A Jagged Contention: Free Will Is Death

“The problem the world has with preachers is that they not only give strange and culturally local ideas like an after-dinner speaker might, but they proceed to elect sinners, which is to say they remove the free will. The do this categorically, that means, not hypothetically and completely without any condition. Giving Christ sucks the air out for anything else, especially the free will. But is not the free will what religion is supposed to uphold? No. Free will is a synonym for death, since whatever it is, it is demonstrably not the person of Jesus Christ. Christ is life, and what is not life is death. Preachers destroy the myth of the free will, which has become the ultimate hope, and this surgical removal is precisely why no one can hear them.”

-Steven D. Paulson, Categorical Preaching in Justification is for Preaching, ed. Virgil Thompson, pg. 128.


Question:

Why do you think people hold so tightly to the idea that religion is supposed to promote the free will? What does it look like to have a preacher elect sinners and destroy free will? What dangers result from preaching to engage the free will as opposed to delivering Christ?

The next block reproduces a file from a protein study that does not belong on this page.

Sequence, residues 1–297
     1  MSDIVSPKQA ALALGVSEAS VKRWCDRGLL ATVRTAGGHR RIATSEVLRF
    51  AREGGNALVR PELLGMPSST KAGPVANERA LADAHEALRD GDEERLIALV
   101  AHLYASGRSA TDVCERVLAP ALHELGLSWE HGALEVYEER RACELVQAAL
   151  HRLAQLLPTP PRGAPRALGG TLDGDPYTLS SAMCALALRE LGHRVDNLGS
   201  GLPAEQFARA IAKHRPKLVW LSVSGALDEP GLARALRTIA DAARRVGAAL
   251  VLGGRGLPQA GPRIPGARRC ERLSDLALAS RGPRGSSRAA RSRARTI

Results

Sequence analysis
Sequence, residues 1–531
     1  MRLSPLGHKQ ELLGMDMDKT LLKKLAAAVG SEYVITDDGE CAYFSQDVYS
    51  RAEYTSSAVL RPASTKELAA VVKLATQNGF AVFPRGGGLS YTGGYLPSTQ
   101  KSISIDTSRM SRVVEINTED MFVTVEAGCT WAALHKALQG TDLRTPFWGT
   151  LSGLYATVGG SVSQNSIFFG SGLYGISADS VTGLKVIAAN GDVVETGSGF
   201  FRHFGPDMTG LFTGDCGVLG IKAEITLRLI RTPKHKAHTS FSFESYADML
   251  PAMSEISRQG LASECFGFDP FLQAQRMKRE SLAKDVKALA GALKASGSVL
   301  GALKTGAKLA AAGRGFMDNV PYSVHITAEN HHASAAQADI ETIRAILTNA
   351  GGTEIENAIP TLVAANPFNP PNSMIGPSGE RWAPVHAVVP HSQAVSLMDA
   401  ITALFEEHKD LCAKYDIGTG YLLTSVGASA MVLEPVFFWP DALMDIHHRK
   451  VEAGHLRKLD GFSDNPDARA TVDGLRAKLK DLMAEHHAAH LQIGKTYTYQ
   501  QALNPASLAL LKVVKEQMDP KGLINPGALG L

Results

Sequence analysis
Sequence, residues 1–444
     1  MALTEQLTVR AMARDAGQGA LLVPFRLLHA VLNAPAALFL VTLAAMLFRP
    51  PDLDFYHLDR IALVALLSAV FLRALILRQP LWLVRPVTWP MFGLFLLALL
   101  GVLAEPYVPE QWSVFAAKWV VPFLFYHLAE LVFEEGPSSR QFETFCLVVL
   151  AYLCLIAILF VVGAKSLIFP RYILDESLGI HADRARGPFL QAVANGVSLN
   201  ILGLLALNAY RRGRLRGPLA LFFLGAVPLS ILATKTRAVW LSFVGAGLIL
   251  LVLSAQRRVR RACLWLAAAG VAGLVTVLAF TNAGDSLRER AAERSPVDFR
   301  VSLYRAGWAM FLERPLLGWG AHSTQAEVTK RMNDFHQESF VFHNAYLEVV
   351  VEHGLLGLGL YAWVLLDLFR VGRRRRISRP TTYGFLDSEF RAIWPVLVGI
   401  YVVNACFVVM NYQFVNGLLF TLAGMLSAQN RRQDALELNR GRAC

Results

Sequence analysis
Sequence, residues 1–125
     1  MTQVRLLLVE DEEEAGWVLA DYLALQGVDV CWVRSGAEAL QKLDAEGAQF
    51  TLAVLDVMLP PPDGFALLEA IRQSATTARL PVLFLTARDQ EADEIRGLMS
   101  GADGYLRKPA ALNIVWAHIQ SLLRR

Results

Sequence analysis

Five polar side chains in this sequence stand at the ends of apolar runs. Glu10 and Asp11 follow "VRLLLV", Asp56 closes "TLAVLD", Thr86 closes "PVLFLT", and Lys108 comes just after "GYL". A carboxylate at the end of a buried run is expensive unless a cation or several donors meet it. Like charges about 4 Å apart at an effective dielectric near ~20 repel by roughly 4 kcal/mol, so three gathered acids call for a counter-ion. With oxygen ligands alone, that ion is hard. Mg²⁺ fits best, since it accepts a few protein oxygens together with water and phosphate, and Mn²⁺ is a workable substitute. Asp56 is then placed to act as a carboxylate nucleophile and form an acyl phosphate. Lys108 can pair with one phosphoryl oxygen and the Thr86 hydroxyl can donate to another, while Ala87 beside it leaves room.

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4 thoughts on “A Jagged Contention: Free Will Is Death

  1. The danger in preaching to the “free will” is that it perpetuates the illusion that the will is free. Also, depending on the delivery force of the preacher to get his hearers to make a “decision,” it borders on being cruel and maybe even abusive.

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    1. Unregenerate men are always free to chose evil, and they are even free to chose civil good, but they are never able to do the good works that God requires. God requires that our good works are done from a perfectly pure heart, and we can never fulfill this requirement because of the fall of mankind into sin and the corrupt nature that we inherit.

      This is why it is necessary for God to come from the outside and to convert our wills that we might believe the gospel and be saved.

      Regenerate men, those who have been saved by grace, are capable of obeying God, but always in a weak, imperfect and fallen way. Thus, God must forgive even regenerate Christians from their best works.

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  2. If someone points me to my “free will” it seems pretty similar to pointing me to myself. I am pretty sure if I look at myself it will eventually lead to one of two horrible ends: delusional, false pride or terrifying despair. Preaching and pointing to Christ alone leads to true freedom.

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